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E-books give kids in small town access to books



Estimated read time: 2-3 minutes

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GOSHEN, Utah County -- Like most school libraries, the shelves at Goshen Elementary School are stocked with a wide variety of children's books — books like "Curious George" and "Anne of Green Gables" are just some of the favorites.

But a new addition to the school library is actually getting the students to read more.

"It's gotten them really excited about reading the books, because they are on the computer. It's a new format. It's something kind of interesting and different," said Jenny Staheli, the school's librarian.

"Regular" books are great, but a bit more limited. Here they don't have a public library and the book mobile no longer travels here. So students have a new option in the " e-book" library.

"They can get on it anytime they have Internet access," Staheli said.. "They have an app you can actually download onto a mobile device like and iPad or Android or a new Kindle."

Each student receives an individual log-in to access any "e-book" in the online library. Multiple students can log-on and read the same book at the same time, which means no more waiting for that popular book to be returned.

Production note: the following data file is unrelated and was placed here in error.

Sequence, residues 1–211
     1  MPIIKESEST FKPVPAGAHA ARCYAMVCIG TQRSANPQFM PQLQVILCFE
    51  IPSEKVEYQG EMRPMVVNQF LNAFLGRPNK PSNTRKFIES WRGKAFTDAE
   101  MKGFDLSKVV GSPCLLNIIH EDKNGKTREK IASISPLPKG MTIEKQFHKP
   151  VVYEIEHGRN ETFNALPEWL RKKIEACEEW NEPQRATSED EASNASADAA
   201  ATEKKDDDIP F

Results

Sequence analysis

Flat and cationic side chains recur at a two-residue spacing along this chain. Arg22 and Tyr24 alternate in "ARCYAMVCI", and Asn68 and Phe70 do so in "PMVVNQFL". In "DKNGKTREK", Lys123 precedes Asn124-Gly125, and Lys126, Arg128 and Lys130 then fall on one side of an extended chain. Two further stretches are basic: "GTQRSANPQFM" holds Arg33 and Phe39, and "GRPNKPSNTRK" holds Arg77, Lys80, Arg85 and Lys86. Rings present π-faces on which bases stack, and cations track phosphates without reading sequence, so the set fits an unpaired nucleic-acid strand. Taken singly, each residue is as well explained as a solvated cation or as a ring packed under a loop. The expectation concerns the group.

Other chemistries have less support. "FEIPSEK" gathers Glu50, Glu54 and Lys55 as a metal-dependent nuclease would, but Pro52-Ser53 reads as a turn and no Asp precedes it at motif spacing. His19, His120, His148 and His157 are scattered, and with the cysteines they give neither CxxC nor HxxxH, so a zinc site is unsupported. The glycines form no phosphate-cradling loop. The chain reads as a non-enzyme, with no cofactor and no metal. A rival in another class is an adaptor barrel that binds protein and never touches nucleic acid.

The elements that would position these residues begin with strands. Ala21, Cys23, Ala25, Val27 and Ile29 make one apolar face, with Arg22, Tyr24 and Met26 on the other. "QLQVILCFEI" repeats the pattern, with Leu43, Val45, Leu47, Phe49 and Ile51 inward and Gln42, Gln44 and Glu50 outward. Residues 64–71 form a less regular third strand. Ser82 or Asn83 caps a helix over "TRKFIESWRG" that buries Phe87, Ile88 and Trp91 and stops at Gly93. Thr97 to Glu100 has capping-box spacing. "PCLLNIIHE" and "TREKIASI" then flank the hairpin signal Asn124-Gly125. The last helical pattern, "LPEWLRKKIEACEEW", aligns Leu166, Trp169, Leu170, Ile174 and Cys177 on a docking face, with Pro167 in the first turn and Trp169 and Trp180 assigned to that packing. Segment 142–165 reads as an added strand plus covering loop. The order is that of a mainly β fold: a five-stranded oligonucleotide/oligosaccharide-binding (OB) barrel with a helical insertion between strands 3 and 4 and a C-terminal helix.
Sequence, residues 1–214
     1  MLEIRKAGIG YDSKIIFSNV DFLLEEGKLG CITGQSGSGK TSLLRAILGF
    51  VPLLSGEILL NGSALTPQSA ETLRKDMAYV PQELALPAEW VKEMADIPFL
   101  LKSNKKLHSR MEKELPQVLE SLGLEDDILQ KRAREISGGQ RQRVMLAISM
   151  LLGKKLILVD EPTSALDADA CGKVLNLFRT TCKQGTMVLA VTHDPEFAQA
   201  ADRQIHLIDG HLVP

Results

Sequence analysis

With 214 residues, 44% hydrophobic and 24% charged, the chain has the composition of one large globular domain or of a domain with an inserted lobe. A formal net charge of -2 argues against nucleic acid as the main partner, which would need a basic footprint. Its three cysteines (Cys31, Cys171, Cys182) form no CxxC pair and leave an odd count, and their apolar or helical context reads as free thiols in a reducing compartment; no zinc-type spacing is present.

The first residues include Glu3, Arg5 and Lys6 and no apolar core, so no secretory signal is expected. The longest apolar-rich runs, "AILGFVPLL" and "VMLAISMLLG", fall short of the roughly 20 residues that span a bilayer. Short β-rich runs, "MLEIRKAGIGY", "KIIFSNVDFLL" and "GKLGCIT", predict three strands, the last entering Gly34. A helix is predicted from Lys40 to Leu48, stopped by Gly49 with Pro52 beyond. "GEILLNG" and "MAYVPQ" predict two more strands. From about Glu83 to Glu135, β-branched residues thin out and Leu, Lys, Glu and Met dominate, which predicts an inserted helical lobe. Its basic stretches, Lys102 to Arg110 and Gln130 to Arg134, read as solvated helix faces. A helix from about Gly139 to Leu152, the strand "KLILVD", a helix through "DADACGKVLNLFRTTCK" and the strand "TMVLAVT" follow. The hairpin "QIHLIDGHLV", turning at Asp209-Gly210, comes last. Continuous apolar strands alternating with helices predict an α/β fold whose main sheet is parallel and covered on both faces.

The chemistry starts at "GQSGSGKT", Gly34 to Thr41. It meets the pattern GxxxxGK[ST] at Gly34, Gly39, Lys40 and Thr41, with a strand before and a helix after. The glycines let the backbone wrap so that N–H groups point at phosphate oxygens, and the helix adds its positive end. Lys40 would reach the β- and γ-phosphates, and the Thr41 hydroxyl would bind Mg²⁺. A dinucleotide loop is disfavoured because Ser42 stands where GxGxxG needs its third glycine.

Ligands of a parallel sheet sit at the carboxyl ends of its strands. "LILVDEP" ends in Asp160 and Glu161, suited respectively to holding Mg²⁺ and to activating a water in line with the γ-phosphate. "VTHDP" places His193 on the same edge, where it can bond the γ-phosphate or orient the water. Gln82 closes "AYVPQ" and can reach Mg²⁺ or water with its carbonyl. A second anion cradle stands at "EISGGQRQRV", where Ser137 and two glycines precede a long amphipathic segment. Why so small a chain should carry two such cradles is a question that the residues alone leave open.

It's gotten them really excited about reading the books, because they are on the computer. It's a new format. It's something kind of interesting and different.

–- Jenny Staheli, librarian.


Students don't even need to be at school to access the books.

"I think it's giving them a lot of access all the time, which is awesome, because the library's not open all the time," Staheli said.

And they can read at their own pace anywhere they like.

"You can carry your books around with you," Staheli said. "You can actually download them and just read them wherever you're at."

The e-library carries about 65 titles so far, but the school hopes to add to that number as more students become interested.

"I really think that this is going to be something that we use more and more and more," Staheli said. "And it's good. I feel that we're right on the edge of starting to know what we're doing and building up our library."

Nadine Wimmer

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